A Former Bully Gives 5 Tips for Proactively Addressing Bullies

October 12 2015

Author

  • Paul Osincup, Guest Blogger
    Paul Osincup
    Guest Blogger

I know I wasn't the worst, but I sure didn't help.  When I was in high school and all of my friends were picking on C.L., I joined in without a thought.  He left school a lot because he couldn't make it through the day.  Even then I knew it was wrong because when I saw him one-on-one I was always nice to him, and I only joined in when others were picking on him too.  

The dynamics of every name-calling, harassing, or bullying situation at school is a little different.  Some situations have been going on for years, while others may have recently started over a dispute between students who used to be friends.  It is nearly impossible to keep track of the social cliques and hierarchies that exist at your school, but it is possible to stop some of the behavior before it starts or gets worse.

From my combined experience as a bully in high school and working with students in restorative justice and mediation programs, here are my thoughts on early intervention:

  • Get to Know Your "Bullies": You're probably tapped in to the pulse of your school to know some of the students who tend to bully, ostracize, or dismiss other students.  Get to know them by name.  Know a little about them and talk to them between classes, at lunch, and after school whenever possible.  This gives those students the feelings of support (someone cares about me) and accountability (the teachers know me and are keeping an eye on things) that all students need.
  • Get Them Involved: I might have become more of a bully than I was in high school, but luckily I had other things on my mind.  I was on the wrestling team as well as the speech team (two totally different crowds at my school).  Both of those activities kept me busy, so I didn't have time to linger between classes or after school to mess with other students like some of my friends did.  I also had teachers and coaches in those organizations in the back of my mind that I knew would be very disappointed in me for engaging in that behavior.  Many bullies are leaders, which is why they get other students to join in. Instead of pushing those students away, bring them in and capture their leadership qualities and charisma to do good.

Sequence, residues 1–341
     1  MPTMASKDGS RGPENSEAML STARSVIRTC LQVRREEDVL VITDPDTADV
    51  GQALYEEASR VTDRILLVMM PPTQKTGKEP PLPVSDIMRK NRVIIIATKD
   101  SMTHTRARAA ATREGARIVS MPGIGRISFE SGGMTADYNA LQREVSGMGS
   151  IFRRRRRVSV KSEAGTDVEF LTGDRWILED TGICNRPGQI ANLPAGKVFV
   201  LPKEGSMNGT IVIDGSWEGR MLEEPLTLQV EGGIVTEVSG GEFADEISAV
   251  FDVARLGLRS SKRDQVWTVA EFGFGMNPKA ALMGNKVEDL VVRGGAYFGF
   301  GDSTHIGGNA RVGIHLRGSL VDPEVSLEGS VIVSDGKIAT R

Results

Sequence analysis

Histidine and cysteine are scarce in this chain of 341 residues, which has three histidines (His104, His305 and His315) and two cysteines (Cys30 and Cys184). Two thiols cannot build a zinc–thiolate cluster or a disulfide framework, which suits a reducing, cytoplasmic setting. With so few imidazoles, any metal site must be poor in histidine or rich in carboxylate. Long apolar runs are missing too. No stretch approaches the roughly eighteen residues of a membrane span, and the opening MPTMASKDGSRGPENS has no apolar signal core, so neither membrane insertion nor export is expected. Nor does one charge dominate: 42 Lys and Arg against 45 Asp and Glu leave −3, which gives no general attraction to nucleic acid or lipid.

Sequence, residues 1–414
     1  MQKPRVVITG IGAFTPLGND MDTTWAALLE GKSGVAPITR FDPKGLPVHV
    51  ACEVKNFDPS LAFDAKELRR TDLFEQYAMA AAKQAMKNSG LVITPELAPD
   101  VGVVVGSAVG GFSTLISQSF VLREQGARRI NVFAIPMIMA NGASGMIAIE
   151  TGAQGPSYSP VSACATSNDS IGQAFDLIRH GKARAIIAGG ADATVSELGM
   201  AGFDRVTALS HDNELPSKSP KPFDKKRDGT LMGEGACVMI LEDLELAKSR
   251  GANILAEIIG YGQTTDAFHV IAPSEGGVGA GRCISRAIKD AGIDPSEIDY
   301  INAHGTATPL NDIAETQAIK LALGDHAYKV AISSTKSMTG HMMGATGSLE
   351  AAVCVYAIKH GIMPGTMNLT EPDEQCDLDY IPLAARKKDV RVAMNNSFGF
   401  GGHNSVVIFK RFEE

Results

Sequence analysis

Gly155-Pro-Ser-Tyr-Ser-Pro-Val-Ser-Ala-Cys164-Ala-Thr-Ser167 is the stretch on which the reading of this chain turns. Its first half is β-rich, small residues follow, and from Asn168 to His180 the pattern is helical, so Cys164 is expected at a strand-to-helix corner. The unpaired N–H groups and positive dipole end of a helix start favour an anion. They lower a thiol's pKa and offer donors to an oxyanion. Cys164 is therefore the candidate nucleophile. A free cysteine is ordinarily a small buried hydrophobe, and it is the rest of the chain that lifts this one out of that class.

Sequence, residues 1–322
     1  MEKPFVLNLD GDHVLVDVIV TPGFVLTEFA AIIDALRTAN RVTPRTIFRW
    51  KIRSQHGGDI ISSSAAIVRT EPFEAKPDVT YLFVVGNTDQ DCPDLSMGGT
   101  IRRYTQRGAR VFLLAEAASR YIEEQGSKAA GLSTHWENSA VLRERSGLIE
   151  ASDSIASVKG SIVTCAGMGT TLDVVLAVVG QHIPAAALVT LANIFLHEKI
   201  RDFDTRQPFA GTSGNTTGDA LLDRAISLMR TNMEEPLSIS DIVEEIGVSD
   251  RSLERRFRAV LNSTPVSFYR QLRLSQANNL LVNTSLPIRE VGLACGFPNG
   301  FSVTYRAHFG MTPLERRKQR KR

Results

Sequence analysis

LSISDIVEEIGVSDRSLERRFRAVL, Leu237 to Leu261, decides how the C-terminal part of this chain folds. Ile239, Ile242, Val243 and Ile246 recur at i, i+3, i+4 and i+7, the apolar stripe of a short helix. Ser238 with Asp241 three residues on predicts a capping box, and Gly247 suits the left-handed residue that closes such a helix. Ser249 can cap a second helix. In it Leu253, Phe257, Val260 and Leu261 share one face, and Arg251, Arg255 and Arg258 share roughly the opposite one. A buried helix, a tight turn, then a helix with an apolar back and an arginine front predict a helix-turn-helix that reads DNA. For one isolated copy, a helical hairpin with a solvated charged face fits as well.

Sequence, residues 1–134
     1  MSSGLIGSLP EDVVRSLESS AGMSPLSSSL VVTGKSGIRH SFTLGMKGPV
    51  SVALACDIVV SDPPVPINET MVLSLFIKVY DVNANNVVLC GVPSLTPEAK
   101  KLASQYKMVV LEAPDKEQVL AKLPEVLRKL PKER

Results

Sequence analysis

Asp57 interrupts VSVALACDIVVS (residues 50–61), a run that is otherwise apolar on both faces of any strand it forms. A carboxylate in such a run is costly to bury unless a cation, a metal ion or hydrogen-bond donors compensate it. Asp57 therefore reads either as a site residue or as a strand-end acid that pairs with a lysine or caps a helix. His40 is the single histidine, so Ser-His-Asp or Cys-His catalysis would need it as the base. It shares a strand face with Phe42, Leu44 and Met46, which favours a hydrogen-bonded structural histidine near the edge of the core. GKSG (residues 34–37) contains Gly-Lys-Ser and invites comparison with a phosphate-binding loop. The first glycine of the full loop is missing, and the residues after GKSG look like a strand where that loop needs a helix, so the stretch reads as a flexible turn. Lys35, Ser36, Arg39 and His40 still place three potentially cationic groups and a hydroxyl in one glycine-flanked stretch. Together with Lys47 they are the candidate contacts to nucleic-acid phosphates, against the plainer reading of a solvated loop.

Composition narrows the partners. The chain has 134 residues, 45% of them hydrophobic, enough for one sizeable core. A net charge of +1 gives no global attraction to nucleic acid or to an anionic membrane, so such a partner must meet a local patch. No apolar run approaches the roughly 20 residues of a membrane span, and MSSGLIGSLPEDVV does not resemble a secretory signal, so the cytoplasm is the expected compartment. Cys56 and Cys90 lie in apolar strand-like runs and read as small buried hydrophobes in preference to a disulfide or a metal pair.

• Let Them "Save Face": If you want to talk with these students about their behavior, bullying, or anything like that it would be best done privately.  Everything is about image to these students and you are much more likely to be met with resistance confronting them in front of their friends as they will put on a show.  However, in an individual setting (especially if you already have rapport with the student) they will be much more likely to cooperate and internalize the conversation.
  • Praise the Good Behavior: If you see a bully-prone student do something nice- praise them!  Even little things that model inclusivity should be recognized.  Did they let the kid who always gets picked on borrow a pencil in class?  Let them know you appreciate it.  Depending on the situation and the student, praise can be public or private.  
  • Communicate with Teachers/Parents: If there is a student you have taken the time to work on the first four bullets above with, then talk with other teachers and the students' parents about it.  Students will compartmentalize their experiences and behavior.  They know the relationship they have with you and that you expect model behavior, however, they may act a completely different way at home or even in a different classroom because the social dynamics change and they may not have the same relationship with that teacher.  Developmentally, it is great for students when those compartments begin to disappear and their behavior becomes more congruent with their values in every situation.  

The kid in high school that we picked on, C.L. is doing well these days but it doesn't change the fact that he had to endure that in high school.  I hope we can find more ways to redirect the energy and behavior of bullying before it even starts. 


Paul Osincup is a motivational speaker and consultant based in Santa Rosa, CA. His website is www.paulosincup.com.

For more information on how to stop bullying and mistreatment on your campus, see our Safe School Ambassadors page, and our Program & Services page.



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